What the future will bring
Johannes Kleske is a strategic advisor and futurologist from Berlin. His company, Third Wave, advises businesses across all of Europe on topics surrounding the digital transformation. The challenges within the communications and advertising industry are familiar to him, particularly since he used to be employed by Razorfish, a digital agency. As he confided in us during our Skype conversation, Johannes is skeptical about the developments of the future. His three most important propositions are summarized below.
Charlottes question from #3: In the future, what are the most important job criteria? Fun? Money? Status?…
1.) Self-determination – the most important criterion for job choices
The working world is changing, and so too are the applicants. The most important criterion for selecting a position amongst the so-called Millenials is self-determination. Money, prestige and career opportunities are not the primary appeal. Rather, it is important for jobs to provide a large degree of autonomous decision-making, meaningful activities, and work-life balance. Of course, not all job-seekers are the same: some are in search of absolute flexibility – also in terms of working times and locations. Others are still looking for the supposed security of classical employment, via the usual career paths. What the two share in common is the desire to decide freely about the way in which a task is completed and to maintain control over their own lives. If businesses want to attract this age group, they must move away from classical Taylorism, in which small parcels of firmly defined work determine the activities of employees. The persons themselves must be the center of focus – above and beyond their position and qualifications.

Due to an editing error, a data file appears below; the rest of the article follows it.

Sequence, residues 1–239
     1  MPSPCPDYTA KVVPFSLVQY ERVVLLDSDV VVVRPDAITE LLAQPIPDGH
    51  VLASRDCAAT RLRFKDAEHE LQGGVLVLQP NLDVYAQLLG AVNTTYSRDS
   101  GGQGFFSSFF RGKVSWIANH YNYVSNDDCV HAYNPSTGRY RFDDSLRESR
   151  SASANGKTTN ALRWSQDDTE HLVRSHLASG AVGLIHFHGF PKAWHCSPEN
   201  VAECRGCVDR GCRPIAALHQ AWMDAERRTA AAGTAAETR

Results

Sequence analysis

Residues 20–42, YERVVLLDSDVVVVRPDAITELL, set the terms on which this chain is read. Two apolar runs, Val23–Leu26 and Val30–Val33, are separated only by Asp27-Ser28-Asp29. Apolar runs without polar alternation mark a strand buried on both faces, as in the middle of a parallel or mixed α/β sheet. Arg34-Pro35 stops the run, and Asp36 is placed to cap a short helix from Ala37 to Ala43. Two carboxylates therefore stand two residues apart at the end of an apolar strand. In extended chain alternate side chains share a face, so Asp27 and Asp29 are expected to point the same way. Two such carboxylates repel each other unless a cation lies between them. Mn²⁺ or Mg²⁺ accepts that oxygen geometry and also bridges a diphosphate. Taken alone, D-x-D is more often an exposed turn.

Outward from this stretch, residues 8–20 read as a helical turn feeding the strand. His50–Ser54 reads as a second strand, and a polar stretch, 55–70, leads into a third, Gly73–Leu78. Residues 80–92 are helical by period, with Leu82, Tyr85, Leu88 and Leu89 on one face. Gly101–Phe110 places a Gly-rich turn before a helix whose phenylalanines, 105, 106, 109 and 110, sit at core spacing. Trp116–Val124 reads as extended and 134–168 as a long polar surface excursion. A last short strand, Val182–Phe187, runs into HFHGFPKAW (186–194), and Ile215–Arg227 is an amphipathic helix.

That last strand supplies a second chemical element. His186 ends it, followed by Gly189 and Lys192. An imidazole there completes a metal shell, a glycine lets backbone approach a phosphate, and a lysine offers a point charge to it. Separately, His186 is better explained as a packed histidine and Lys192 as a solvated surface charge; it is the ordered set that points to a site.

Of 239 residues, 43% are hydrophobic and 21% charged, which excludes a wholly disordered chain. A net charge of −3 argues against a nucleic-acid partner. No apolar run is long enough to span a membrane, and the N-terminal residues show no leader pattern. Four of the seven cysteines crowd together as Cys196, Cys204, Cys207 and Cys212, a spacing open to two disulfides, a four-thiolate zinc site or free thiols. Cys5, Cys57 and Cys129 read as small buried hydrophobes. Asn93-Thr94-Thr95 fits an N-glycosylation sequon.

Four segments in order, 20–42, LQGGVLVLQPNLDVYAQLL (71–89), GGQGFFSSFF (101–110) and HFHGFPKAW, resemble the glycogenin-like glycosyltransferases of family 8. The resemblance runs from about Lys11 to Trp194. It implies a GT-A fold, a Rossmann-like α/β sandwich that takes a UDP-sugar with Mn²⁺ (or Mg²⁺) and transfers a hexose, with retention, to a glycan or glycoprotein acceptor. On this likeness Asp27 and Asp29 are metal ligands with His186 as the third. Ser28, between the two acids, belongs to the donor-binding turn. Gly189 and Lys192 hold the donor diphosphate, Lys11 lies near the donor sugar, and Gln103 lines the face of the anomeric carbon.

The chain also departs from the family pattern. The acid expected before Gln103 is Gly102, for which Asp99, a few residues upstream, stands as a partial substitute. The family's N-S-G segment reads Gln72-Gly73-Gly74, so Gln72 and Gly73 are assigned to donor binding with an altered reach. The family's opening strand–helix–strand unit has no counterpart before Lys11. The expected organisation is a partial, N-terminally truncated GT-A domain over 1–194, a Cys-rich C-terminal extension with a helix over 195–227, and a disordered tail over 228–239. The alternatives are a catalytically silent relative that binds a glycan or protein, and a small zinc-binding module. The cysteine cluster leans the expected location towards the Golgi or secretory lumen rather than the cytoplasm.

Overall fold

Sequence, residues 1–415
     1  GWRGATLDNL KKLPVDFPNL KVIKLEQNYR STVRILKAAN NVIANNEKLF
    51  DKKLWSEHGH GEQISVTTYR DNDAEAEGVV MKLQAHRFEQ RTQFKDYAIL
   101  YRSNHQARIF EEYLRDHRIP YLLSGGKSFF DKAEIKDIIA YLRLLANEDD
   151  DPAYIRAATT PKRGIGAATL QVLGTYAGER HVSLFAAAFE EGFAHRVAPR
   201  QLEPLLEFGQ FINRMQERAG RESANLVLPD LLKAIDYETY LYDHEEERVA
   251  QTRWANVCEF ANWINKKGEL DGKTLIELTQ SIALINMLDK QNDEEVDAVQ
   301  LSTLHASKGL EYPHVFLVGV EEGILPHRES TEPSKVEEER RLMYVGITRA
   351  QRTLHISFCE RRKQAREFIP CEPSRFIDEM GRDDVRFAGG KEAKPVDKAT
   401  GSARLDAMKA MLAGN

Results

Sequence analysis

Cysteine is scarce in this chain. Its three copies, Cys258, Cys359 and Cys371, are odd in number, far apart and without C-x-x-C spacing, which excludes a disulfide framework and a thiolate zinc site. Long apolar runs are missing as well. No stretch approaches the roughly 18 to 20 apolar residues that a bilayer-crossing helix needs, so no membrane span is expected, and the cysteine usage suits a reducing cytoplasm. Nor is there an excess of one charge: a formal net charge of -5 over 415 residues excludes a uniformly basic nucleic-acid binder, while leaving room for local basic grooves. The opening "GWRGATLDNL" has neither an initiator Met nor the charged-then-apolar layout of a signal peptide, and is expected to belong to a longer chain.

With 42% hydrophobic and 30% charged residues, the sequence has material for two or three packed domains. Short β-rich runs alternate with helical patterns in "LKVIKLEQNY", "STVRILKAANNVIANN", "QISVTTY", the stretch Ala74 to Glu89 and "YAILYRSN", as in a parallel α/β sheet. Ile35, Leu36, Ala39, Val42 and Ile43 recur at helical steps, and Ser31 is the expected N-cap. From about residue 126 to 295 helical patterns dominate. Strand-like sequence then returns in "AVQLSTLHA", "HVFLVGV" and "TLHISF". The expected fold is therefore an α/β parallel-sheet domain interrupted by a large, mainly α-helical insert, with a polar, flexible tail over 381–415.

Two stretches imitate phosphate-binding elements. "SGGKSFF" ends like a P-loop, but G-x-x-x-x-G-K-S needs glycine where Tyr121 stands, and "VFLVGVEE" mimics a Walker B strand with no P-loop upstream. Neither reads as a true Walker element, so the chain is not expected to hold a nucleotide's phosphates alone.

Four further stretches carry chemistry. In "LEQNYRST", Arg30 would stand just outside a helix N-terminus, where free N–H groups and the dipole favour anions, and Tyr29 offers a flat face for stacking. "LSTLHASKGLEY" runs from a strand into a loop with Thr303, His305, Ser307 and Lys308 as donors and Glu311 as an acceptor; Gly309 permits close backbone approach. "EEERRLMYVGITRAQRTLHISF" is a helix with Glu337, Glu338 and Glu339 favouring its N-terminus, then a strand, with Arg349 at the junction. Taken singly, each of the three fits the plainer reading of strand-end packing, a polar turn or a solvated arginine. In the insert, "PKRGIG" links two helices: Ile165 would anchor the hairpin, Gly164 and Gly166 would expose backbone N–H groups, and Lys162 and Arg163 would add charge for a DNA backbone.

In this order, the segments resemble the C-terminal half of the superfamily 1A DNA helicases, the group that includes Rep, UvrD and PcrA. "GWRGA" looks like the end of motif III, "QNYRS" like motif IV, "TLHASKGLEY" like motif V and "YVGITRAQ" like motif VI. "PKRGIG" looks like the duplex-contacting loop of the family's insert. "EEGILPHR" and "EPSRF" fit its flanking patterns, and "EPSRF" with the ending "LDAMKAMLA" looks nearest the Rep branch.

2.) Digitalisation will further divide the population
Today, it is already clear that in many industries society is divided into digitalisation winners and losers. On the one side are those who feed the algorithm; on the other are those who are eaten by it. Digital platforms such as Uber, Amazon Mechanical Turk or Deliveroo promise the freedom of new options for earning extra income – in reality, however, there is often dependency on the conditions set by platform operators and, not seldom, outright exploitation. Entire industries are being re-organized. Real creative services, in contrast, will not be automatable even in the future. However, if designers and creative individuals offer their services on worldwide online platforms, they are often also dependent on the value systems, remuneration conditions and terms and conditions of platform operators.
3.) A digital worker’s movement is needed
Exploitation will not be prevented by voluntary commitment declarations made by platform operators. These are merely cosmetic and PR tools and do not actually help click and crowd workers. Fair working conditions are usually the core topic of unions – but even well-meant initiatives, such as IG Metall‘s faircrowdwork platform, have not developed any real market power or attractivity for digital workers. An overarching, universally accepted lobby organization does not exist. The only thing that will help is, therefore, an initiative by those affected – a digital worker’s movement. Some tools exist that enable worker empowerment, for example, ones in which freelancers can evaluate their clients and then share this information. Self-organization modeled after the union represents a real opportunity: cooperative platforms operated by internet workers themselves, which are therefore based on fair conditions – at the moment this is unfortunately only a dream.
One question is of particular importance to Johannes during his daily work on understanding transformation topics:
In ten years, will businesses have created more jobs based on new technologies than they have extinguished?